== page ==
Jennifer Lopez’s ‘Criminal’ Striptease: How ‘Hustlers’ Landed the Fiona Apple Hit

The music supervisor got artists from Big Sean to Bob Seger to sign off on including their songs. But contributions from the stars themselves? That would've been too obvious.

Contrary to what you might be expecting, the number of songs by Jennifer Lopez, Lizzo and Cardi B in “Hustlers,” their newly released acting vehicle, adds up to … zero. Meanwhile, the standout music sync in a movie that’s full of them belongs to no less likely a choice than Fiona Apple.

The scene in question features Lopez alternately bumping and grinding on the floor and working the pole against a backdrop of dollar bills and Apple’s classic “Criminal.” Says music supervisor Jason Markey, “I was very scared because Fiona notoriously says no to everything.” (“Criminal,” a major hit in 1997, has only been licensed for TV a half-dozen times in 22 years, and never for a feature film.) But apparently the singer-songwriter couldn’t say no to J.Lo’s 50-year-old bootie. “We sent her the clip and she approved it, so I would assume she just liked what she saw,” Markey says of Apple. “Maybe she’s not a fan of Jennifer, but when you watch watch her dance, it’s undeniable. It’s dramatic gold.”

Depending on your taste level, we have Markey to either thank or to blame for the fact that “Hustlers” doesn’t end with a splashy, over-the-top musical collab between costars Lopez, Lizzo and Cardi. (Think: “Lady Marmalade,” “Bang Bang” and the upcoming “Charlie’s Angels” anthem from Miley Cyrus, Ariana Grande and Lana Del Rey.)

“At one point, there was some conversation from the producers’ standpoint: ‘Should we do a big end-title song, like a ‘Lady Marmalade’ thing?’” recalls Markey, who runs the music department at STX Entertainment. But he wanted the film to evoke the grit of Martin Scorsese rather than, say, the camp of Baz Luhrmann. “I was the first person to stand up and go, ‘I think that’s cheesy!’”

Since music supervisors rarely have veto power in these situations, it helped to get the writer-director on board with his vision. “I said to Lorene [Scafaria] in sort of a private jest, ‘Honestly, I really don’t believe in having a Jennifer-Cardi B-Lizzo song in this movie — I just think we could do much better than that,’“ says Markey. “And not in a bad way in relation to their artistry, but we can end with a more poignant option, as opposed to this big pop number. And she agreed with me. So we stood our ground — and won the battle.”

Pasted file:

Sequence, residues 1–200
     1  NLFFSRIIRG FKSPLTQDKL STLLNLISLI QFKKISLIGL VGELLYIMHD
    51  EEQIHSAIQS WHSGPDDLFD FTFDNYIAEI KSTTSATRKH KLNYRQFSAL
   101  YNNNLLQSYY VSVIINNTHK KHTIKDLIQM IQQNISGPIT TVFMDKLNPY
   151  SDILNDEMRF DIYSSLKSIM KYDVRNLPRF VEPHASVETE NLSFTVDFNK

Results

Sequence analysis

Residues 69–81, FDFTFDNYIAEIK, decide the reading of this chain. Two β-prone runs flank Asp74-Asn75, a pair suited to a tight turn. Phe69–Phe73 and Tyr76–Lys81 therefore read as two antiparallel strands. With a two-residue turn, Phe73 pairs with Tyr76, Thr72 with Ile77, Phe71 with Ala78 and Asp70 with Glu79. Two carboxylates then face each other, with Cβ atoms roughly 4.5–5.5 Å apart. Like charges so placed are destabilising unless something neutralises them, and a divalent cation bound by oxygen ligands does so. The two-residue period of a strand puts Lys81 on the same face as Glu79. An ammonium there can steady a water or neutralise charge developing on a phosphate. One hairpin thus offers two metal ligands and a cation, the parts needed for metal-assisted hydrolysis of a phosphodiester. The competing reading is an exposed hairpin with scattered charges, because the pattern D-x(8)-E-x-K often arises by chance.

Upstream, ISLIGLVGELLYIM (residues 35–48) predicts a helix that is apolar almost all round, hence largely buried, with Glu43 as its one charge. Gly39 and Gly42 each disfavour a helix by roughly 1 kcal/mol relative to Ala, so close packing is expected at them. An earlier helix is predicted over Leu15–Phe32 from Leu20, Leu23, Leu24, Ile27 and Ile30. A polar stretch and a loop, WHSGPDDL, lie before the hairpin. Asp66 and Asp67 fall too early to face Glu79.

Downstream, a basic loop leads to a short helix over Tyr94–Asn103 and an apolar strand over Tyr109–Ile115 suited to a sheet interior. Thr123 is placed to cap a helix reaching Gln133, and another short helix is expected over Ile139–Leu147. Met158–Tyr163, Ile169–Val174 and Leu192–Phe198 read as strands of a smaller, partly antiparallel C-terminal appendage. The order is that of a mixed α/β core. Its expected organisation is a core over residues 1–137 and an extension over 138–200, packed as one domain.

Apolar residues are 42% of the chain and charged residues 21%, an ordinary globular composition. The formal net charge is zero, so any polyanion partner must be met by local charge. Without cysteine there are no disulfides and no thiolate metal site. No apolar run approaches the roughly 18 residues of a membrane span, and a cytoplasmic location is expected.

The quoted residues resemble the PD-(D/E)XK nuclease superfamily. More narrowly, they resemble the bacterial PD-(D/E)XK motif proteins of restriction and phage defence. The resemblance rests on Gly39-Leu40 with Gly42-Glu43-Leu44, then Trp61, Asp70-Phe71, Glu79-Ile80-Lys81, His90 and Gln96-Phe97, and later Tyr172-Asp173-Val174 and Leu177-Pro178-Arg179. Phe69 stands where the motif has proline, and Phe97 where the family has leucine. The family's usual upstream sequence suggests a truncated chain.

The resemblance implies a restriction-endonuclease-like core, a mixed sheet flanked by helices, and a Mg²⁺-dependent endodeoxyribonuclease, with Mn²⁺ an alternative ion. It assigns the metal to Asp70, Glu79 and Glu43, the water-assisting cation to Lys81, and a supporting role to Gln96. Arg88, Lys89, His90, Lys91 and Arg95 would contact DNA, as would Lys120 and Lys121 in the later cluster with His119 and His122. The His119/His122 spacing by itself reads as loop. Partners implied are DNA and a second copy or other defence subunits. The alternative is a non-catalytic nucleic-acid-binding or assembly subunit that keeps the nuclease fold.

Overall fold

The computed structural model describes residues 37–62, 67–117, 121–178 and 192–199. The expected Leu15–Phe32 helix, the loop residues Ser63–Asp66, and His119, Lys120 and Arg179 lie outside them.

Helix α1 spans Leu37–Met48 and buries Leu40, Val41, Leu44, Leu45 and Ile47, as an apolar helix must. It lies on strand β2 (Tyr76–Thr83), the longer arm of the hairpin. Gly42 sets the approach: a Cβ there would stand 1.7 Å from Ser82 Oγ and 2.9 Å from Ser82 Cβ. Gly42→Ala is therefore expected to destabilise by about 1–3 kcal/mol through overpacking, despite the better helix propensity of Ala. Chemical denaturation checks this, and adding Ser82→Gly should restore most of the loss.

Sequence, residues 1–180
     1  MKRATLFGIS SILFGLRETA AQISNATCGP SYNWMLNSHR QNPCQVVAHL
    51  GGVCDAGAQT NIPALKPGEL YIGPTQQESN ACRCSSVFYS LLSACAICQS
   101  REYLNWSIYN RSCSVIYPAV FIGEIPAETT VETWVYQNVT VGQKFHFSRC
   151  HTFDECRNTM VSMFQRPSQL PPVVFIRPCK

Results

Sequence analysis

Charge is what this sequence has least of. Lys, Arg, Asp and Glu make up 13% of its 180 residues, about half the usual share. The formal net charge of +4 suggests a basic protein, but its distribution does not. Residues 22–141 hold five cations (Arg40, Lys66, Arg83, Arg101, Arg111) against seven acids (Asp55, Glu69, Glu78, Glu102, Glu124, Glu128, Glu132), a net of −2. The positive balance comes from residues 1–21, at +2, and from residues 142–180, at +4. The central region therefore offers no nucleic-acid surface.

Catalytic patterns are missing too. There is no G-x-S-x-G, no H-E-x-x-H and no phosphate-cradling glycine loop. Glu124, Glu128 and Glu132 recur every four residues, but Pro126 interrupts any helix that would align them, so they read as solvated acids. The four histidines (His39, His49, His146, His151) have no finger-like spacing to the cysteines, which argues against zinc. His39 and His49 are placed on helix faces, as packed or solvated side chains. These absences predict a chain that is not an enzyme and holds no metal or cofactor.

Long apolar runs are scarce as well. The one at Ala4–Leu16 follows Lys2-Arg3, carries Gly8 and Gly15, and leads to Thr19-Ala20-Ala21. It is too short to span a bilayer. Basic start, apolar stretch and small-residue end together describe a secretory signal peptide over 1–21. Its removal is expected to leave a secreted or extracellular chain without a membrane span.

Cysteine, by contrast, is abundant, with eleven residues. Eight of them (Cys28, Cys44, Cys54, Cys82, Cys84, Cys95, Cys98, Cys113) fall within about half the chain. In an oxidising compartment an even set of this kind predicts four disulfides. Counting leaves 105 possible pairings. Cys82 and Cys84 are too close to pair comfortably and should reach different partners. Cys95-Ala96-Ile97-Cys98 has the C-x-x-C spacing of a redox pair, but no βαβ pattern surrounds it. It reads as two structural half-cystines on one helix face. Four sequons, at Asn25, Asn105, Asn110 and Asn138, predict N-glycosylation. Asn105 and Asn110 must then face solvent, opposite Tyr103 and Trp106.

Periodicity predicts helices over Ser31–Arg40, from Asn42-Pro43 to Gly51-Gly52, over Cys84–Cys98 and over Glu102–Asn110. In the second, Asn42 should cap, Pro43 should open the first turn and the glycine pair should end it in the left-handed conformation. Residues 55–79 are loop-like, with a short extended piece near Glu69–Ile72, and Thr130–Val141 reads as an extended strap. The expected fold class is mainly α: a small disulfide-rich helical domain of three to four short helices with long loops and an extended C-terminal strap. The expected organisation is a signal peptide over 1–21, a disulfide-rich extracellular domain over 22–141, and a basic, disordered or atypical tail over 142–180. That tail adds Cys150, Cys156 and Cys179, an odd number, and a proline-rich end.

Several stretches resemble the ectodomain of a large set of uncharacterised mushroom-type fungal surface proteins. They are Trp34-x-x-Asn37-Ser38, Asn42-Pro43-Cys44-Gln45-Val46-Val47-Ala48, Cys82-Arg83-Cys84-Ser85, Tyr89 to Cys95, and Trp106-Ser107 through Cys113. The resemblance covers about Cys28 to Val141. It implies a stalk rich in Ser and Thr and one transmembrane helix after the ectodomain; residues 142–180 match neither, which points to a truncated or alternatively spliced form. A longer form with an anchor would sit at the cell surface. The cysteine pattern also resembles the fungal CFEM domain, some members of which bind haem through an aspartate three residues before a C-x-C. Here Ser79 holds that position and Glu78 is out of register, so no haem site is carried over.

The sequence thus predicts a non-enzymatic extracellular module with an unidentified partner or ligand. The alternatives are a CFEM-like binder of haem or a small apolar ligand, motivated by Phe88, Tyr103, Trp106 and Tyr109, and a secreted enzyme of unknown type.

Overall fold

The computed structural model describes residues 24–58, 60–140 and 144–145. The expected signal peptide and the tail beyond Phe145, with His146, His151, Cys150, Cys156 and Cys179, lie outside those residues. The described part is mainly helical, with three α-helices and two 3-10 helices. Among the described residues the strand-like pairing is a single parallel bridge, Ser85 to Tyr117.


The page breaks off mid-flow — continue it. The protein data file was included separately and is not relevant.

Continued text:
Not that he has anything against pop smashes per se, but Markey had an eclectic mix in mind. “I love having the different styles of music in the movie,” he says. “It doesn’t lend itself to one type of sound, and it gives it the best Scorsese kind of feel. If you look at the trademark of his films, he never has a composer. He always uses songs to score the movie and to strike those emotional moments. We didn’t have a score, either; every song made a statement about the scene.” (Case in point: “Hustlers” opens with the voice of Janet Jackson, not Jennifer Lopez, whispering: ”This is a story about control.”)

In the end, Markey faced more intimidating challenges than the producers, namely sheer number of songs and a comparatively small budget, not to mention a tight deadline in which to secure clearances. “We started shooting the movie in January, finished at the end of April, went into post and had 16 weeks to finish all the music,” Markey says.

To make a point, he references another female-fronted movie: “On a normal movie that has a lot of music, like ‘Bad Moms,’ we had 33 songs but a 22-week post,” Markey says. “There are 60 songs in ‘Hustlers.’ And you have to go out to the artists, talk to the labels, talk to the publishers, call managers and ask for favors. It’s a job in itself to sit on the phone and beg for music all day because this isn’t a high-price movie,” he says. “I don’t normally have the funds because we’re not making major studio-budget films,” Markey says of STX. “I always tell my wife I’m going to get the license plate ‘IBEG4MUSIC’ because that’s what I do,” he jokes.

And to his credit, Markey generously shares the spotlight with his team: music director Lauren Danielak and music manager Meredith McBee. “They really are equal partners with me and they crush it every day,” he says. On “Hustlers,” “We think the music came out fantastic, but we’re super-happy that it’s over. It really was torture,” he admits, quickly adding, “but in a good way.”